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New mask - fogging


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We had brand new masks for our last cruise. Let me say that it was not very pleasant. The masks fogged up like crazy. Come to find out that you need to do a lot of prep work once you receive them. Spoke with the local dive shop. They said they should have taken care of that before we got them. They said to scrub with non-abrasive toothpaste, rinse completely, then go over the surface lightly with a lighter to finishing getting the chemicals off. 


Any other recommendations? We snorkel in Cozumel and Roatan in about 4 weeks.

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While it's common, I'm not a fan of the use of a lighter.  Also, saying "non-abrasive toothpaste" makes me think whoever you spoke to doesn't understand what you're trying to accomplish.  The deal is there's a residue of silicone left on the glass from the manufacturing process.  You want to get rid of it.  You need something abrasive - but mildly so - to cut the film of silicone that's left. 


All toothpaste fits the bill, as it has the mild abrasive qualities you need.  Toothpastes that specifically are labeled as "whitening" tend to have more of this quality, otherwise just any brand of paste, rather than gel, seems to do best.  Soft Scrub cleanser also works well and is what we use at the shop I teach at. 


Use a small amount of of Soft Scrub or toothpaste, and polish the lens with your fingertip. You want this to stand up while polishing, so don't get it wet during this step.  Make sure you work over the entire lens, getting right to the edges.  Once you've got both the inside and out fully polished, thoroughly rinse the mask, making sure you get all the toothpaste or cleanser out. 


One warning:  If your mask has a reflective coating on the outside of the lens, do NOT scrub that side of the lens with anything, or use a lighter on it.  That coating is not near so durable as the tempered glass lens. 


This will basically have you set for your dives.  There are commercial anti-fog products.  I use baby shampoo cut 50% with water.  a drop or two on the inside of the mask, then smeared completely over the lens to create a thin film, then a quick (in and out) dunk to rinse of the excess, works as well as anything.


After many dives, if you notice the lens getting any buildup of anything, clean again with Soft Scrub or toothpaste.



Denver, CO



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Liquid dish washing detergent. Squirt a little on the lens, rub around for a while and rinse real good with fresh or salt water. If on a boat don't dunk in the rinse tank. 350+ dives. No fogging.

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  • 3 weeks later...

Wouldn't use the lighter, but the toothpaste is great.  Make sure you rinse it really good because minty fresh in the eyes sucks.  Otherwise, spit on and rub the saliva on the lenses pre dive, or use one of the commercial anti-fog things out there (the one I like is called spit and most dive shops will have it) but these only work well if you've already done the toothpaste treatment first.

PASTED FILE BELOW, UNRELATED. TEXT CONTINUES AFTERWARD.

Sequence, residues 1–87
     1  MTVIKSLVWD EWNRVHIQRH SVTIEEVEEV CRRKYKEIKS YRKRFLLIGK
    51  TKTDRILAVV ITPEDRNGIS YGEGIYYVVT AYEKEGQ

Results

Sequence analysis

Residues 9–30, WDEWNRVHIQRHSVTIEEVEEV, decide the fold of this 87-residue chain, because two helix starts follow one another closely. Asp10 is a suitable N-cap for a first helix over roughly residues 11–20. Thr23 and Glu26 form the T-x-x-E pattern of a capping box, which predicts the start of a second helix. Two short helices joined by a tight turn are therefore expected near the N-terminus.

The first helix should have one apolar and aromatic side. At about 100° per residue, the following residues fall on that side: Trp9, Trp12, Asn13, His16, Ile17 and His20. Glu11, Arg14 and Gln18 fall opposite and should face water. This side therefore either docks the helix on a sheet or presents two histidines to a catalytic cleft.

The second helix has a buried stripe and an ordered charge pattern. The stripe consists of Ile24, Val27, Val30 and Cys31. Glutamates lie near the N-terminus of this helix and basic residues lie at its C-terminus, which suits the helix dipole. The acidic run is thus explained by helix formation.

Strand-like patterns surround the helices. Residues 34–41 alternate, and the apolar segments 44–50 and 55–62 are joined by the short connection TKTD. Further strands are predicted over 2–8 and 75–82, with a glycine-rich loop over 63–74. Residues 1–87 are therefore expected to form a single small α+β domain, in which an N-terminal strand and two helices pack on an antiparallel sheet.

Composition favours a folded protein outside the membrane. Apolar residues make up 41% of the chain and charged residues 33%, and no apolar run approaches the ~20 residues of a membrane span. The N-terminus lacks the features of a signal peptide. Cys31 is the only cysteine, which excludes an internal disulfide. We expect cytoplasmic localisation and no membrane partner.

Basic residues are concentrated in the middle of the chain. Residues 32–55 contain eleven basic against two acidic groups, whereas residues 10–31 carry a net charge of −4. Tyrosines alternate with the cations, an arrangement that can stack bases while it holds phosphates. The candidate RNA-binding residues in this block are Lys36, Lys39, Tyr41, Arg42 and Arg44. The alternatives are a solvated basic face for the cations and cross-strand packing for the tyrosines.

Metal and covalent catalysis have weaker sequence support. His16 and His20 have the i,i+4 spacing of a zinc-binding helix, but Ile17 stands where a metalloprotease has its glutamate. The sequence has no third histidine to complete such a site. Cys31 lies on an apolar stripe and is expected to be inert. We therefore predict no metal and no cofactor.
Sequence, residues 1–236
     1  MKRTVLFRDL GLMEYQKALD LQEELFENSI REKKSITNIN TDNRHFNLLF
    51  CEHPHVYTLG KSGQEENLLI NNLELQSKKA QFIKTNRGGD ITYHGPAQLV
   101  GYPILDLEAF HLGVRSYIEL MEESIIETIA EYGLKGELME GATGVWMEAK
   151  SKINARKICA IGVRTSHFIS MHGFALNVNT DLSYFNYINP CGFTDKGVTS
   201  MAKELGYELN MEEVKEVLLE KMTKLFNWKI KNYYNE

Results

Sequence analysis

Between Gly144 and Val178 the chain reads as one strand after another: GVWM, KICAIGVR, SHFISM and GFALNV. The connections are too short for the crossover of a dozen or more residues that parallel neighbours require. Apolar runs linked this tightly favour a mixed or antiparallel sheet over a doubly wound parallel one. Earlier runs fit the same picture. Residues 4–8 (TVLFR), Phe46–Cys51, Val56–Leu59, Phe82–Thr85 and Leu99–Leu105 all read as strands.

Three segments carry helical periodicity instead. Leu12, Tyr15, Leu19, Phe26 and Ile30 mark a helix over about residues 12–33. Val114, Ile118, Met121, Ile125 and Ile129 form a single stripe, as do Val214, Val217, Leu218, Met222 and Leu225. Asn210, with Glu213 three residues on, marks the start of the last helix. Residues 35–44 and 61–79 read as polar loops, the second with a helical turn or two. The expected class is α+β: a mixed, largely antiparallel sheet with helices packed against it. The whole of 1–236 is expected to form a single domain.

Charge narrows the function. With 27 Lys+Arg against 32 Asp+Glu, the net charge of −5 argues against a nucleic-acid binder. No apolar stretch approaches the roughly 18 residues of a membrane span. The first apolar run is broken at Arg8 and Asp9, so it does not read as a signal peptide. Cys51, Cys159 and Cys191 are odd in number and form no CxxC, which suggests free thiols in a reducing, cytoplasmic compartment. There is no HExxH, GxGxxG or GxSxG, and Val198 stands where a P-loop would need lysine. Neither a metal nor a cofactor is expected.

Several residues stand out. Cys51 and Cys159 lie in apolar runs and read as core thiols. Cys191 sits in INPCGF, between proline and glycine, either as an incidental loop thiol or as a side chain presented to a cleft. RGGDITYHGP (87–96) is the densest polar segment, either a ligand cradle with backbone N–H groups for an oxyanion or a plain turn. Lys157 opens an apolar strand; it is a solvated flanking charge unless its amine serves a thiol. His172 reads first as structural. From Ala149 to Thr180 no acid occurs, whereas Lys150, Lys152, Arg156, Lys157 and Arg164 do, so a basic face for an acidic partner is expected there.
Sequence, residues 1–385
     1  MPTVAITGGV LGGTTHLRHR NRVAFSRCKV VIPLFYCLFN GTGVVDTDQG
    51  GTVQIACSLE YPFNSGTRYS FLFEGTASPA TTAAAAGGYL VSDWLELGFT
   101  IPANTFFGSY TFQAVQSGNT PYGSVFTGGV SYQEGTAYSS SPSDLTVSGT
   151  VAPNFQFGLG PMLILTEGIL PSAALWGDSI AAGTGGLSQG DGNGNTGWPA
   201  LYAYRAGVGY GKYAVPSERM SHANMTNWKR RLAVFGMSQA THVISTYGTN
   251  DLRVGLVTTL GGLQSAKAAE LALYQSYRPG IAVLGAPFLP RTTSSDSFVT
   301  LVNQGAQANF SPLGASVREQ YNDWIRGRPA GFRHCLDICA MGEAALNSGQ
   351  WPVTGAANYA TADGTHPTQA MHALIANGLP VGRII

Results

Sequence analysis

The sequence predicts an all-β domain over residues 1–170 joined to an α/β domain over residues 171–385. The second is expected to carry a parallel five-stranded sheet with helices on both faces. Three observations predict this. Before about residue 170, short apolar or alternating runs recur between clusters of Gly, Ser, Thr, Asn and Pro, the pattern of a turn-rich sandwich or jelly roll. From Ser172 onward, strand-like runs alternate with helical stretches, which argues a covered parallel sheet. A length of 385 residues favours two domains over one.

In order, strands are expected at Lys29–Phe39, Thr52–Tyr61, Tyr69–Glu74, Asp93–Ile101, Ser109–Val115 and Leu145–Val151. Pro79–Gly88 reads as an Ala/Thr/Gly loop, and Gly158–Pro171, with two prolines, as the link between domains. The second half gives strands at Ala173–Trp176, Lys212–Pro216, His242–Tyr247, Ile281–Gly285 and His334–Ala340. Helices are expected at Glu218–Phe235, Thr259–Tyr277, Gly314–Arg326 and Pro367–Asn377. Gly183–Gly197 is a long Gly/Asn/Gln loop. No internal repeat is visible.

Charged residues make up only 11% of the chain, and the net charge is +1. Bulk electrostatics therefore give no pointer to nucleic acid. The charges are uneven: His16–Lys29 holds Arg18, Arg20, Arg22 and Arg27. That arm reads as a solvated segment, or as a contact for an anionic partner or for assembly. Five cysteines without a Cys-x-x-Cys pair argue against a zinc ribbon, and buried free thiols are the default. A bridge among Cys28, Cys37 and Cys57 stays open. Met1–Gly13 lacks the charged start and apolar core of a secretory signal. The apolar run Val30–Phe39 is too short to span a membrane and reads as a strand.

Edited by rsldonk
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AFTER a GOOD cleaning and tooth paste is my recommended .....  SPIT ... but not clean spit ... you need a lil LUUGY ... and don't rinse it all out.  


There's a reason they call it 'artificial spit'


certified in 1974 by a single digit PADI instructor .......

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Baby shampoo, dishwashing liquid, expensive Mask Defog drops.  All do an OK job of making the fine droplets of water on the inside of a mask coalesce.  The real trick is to stop that fogging at the root cause.  Don't exhale out the nose into the mask.  That warm air from your nose hitting the cooler glass will always fog up.  I know the instructor says exhale through your nose to clear the water from your mask -- but do it sparingly.  

When water starts interfering with seeing the fish, tilt your head toward the surface just enough to get the water to settle under your nose where your mask meets your upper lip.  Use your hand to hold the top of the mask against your forehead, push it about half an inch toward your face.  Be careful not to push at an angle that allows the bottom of the mask to come away from your upper lip, this will just let more water in.  Then exhale a small amount of air into the mask, just enough to push the accumulated water out the bottom of the mask.  When you now release the pressure against the top of the mask, a slight vacuum will be left in the mask to hold the mask against your face, and aid in sealing it against further water incursion.

Remember to not breathe out your nose.  bubbles coming from around the mask are a sure indicator that the mask will again immediately fog up. 

If there is significant fogging, before starting the mask clearing, rotate your head slowly to cause the water puddle inside the mask to rinse off the glass.

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